The artisan skills extended to sales catalogues & product merchandising. Promotional materials were produced and published locally. The publisher William White lived on Collegiate Crescent in 1861. The printed works of Loxley Brothers & Pawson & Brailsford are much in evidence. The Archives and Collections of Sheffield, including the Hawley, hold many such catalogues – printed locally and beautifully engraved onto copper plates mounted on boxwood by craftsmen with exquisite drawings of knives, forks, files, tools of every variety for distribution to all ends of the earth.
Trade went both ways – with materials arriving into Sheffield from the Empire over. Principally to furnish handles for cutlery manufacture and scales and hafting materials for knives and other cutting tools, the quantities were immense and the sources exotic. Ivory, Mother of Pearl, Brazilian Rosewood, Narwhale, Samba Antlers, Black Buffalo Horn and even Giraffe Bone. In 1878 the storerooms of Joseph Rodgers & Sons held 26 tons of ivory – 2,561 tusks or the equivalent of 1280 Elephants!
During the 19th Century this type of production was a repetitive, highly skilled, hand led process often carried out by small family businesses. The Hawley Collection at Kellam Island is the most amazing resource and repository for the manufacturing minutiae, machinery and hand tools associated with this trade throughout its history. Handling tools worn by use to perfectly fit the makers hand and opening boxes filled with the by products and blanks of a process which may have ended with a Stag Horned carving knife for example is wonderfully evocative.
Without the dedication of people such as Bert Hawley and his team of extraordinary volunteers, this legacy may have been lost to the City, which was for centuries the centre of cutlery manufacture in the country. The heart of the collection is not in its variety or depth or the fact it captures the sheer scale and grinding hard work of production. It is in the hands of its myriad makers that it comes alive. Handling tools, which have probably made millions of repetitive movements over a working lifetime is both powerful & moving. The collection is a vital research tool, drawing both academics and artists to it.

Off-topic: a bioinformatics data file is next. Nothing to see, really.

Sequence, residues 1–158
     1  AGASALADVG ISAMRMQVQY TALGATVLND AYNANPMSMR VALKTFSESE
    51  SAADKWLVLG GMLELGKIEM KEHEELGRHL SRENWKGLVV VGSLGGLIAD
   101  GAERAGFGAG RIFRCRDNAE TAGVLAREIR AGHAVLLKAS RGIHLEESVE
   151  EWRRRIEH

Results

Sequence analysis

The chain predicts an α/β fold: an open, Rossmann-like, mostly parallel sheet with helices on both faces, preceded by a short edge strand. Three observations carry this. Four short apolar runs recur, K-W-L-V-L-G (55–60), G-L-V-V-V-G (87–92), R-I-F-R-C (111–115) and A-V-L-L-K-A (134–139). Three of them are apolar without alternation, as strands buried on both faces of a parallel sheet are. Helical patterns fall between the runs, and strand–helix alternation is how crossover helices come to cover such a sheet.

John Ruskin and the Guild of St George – a love of nature, close observation curiosity and drawing –
The visual narrative is extended at other points around the building, most notably on the high glazed curtain wall of the East Elevation Main Entrance facing onto Collegiate Crescent. Here, the bold graphic forms and iconography of the West Elevation respond to the light and open glazed ground floor elevations with a similar language but a much lighter touch, executed in softer, opaque & transparent layers of imagery which first appear as if sandblasted.
To enter the building one has to pass through this ‘veil’ of layered imagery, again exploring the themes outlined above. On bright & sunlit days, these digitally printed surfaces may cast intricate & delicate shadows across the floor of the entrance areas, quietly reminding us all of the continuity and evidence of history surrounding the University, the site and its use.
On 9th May 2014, the Margate Flood & Coast Protection Scheme, aka the Margate Steps will have been officially opened for a year. It is rewarding to see that:
1. The sea defence works are working !…the storms over winter clearly tested the engineering.
2. That the wonderful amenity space we envisaged (over and above its primary function as a sea defence works) would have become such an addition to the Margate sea front environment. I will be posting images and text from the project’s history over the coming weeks.
It was an amazing project to be involved with. I promised myself I would swim off the steps at high tide to celebrate the opening. I missed my opportunity, so am trying again ! Look out for the guy in a wet suit trying hard not to look cold !
A video of Margate Steps can be seen here on its official opening day on 9th May 2013.
I think we can safely say that Margate Steps has benefitted the community.
The blue text outlined below formed a much larger visual narrative prepared to support & inform the designs for the sea defence works. It is made up of historic, anecdotal and real time events which occurred along the length of the new sea defences.
The Jubilee Building Central Concourse Project at Musgrove Park Hospital has now completed on site and the new surgical building was fully opened on 7th April 2014.
This art commission was led by Steven Power, Senior Project Manager for Capital Projects at Musgrove Park Hospital, Taunton along with Architects BDP and Contractor BAM. Specialist contractors Architen Landrell, Metafab Solutions Ltd and Digital Printers VGL were all integral to the success of the design & production. Bronwen Gwillim, formally Art Co-ordinator of Art for Life at the Hospital initially led the commissioning and early stages of the art project in 2012, and handed over to Lisa Harty in her new role as Arts Co-ordinator to oversee its completion.
The tensile artwork, funded by the Heritage Lottery celebrates the completion of the Jubilee Building as well as commemorating the 70th Anniversary of the Hospital originally founded as a US Field Hospital in World War Two. I worked with the Hospital archive and the archivist Louise Donovan as well as bringing my own experience to bear, having been associated with the Hospital for the last 7 years and Lead Artist on a number of projects.